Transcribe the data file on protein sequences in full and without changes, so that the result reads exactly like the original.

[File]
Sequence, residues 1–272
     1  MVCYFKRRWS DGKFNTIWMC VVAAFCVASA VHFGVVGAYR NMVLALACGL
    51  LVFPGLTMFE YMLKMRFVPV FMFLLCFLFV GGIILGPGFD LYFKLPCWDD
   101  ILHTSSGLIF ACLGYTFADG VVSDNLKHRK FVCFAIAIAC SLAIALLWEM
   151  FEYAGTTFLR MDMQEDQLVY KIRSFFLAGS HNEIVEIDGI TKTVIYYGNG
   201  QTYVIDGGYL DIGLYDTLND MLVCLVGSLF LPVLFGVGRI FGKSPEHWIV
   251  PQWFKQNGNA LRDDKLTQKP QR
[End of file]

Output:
Sequence, residues 1–272
     1  MVCYFKRRWS DGKFNTIWMC VVAAFCVASA VHFGVVGAYR NMVLALACGL
    51  LVFPGLTMFE YMLKMRFVPV FMFLLCFLFV GGIILGPGFD LYFKLPCWDD
   101  ILHTSSGLIF ACLGYTFADG VVSDNLKHRK FVCFAIAIAC SLAIALLWEM
   151  FEYAGTTFLR MDMQEDQLVY KIRSFFLAGS HNEIVEIDGI TKTVIYYGNG
   201  QTYVIDGGYL DIGLYDTLND MLVCLVGSLF LPVLFGVGRI FGKSPEHWIV
   251  PQWFKQNGNA LRDDKLTQKP QR